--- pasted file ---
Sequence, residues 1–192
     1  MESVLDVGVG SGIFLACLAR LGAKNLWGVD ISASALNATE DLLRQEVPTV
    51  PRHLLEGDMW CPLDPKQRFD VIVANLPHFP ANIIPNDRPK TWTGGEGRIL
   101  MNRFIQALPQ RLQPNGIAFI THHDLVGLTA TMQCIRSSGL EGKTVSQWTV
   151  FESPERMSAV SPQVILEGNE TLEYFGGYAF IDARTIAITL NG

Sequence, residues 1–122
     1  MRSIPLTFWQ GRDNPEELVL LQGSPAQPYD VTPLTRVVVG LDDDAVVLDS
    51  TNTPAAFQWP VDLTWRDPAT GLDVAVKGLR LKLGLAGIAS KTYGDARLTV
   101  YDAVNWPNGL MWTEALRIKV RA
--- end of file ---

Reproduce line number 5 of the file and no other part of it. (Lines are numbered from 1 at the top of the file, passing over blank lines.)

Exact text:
   151  FESPERMSAV SPQVILEGNE TLEYFGGYAF IDARTIAITL NG